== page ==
But it’s just so much fun! I’ll always remember the week leading up to Bonfire Night at school: the emergence of the Horrible Histories books and the ensuing arguments about what being hung, drawn and quartered really entails. The prizes for the best class “Guy”, eternally fated to a fiery death on the bonfire come nightfall. The wildlife officers reminding us to check our wood-piles for unfortunate hedgehogs before setting them alight.

And then there are the fireworks, intended to signify what Parliament would have looked like if Mr Fawkes had succeeded. Fizzers! Bangers! Whoppers! Spinners (known as Catherine wheels which is also a rather morbid reference)! There are often rivalries as to who can bring the biggest, the loudest, the screechiest. Those requiring a safe distance of 40 ft are regularly set off in tiny English back gardens, to the sound of joyful “Oooos” and “Aaaas” of friends and family, gathering around the bonfire for warmth, munching on pie ‘n’ mushy peas, toffee apples, and parkin. All the while, kids excitedly write their names in the air with sparklers.

The food associated with Bonfire Night is hearty and warming, designed to keep you going for a good few hours out in the cold. One particular speciality is associated directly with Yorkshire, and my hometown of Leeds in particular: the aforementioned parkin. Imagine gingerbread, but made with oatmeal, black treacle and the burnt sugary undertones of golden syrup, wrapped tightly for a few days before being eaten so as to allow the flavors to develop and mature. No one would dream of eating fresh parkin.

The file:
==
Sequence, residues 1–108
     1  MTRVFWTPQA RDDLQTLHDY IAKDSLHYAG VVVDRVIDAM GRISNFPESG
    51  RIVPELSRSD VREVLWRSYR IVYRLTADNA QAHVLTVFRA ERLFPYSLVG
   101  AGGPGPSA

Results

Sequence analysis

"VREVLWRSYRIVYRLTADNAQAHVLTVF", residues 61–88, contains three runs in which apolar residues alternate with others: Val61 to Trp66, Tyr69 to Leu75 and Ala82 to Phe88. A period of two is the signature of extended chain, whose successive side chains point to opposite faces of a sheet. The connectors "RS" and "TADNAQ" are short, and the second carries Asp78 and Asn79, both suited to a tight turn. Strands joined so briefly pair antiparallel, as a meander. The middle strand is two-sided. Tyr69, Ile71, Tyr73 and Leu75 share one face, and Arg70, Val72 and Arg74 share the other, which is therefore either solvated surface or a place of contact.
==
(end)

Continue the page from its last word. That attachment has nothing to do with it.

Parkin is guaranteed to sustain you through even the coldest Bonfire Night celebrations (like the ones I remember in my grandparent’s garden, pictured below). Even better, any leftovers last for ages!

Yorkshire Parkin

Adapted from a recipe by BBC GoodFood

Preheat the oven to 140°C/280°F/Gas Mark 1. Grease and line a 8 inch square cake tin.

In a pan, melt 4 oz butter with 4 oz soft dark brown sugar, 2 oz black treacle, and 7 oz golden syrup. Use a gentle heat and don’t let the mixture get too hot or bubble.

Once melted, remove from the heat and allow to cool slightly.

In a large mixing bowl, sift 4 oz all purpose flour, 1/2 tsp baking powder, and a pinch of salt. Add 8 oz medium oatmeal, 2 tsp ground ginger, and 1 tsp pumpkin spice.

Make a well in the center and gradually pour in the melted butter mixture and fold together.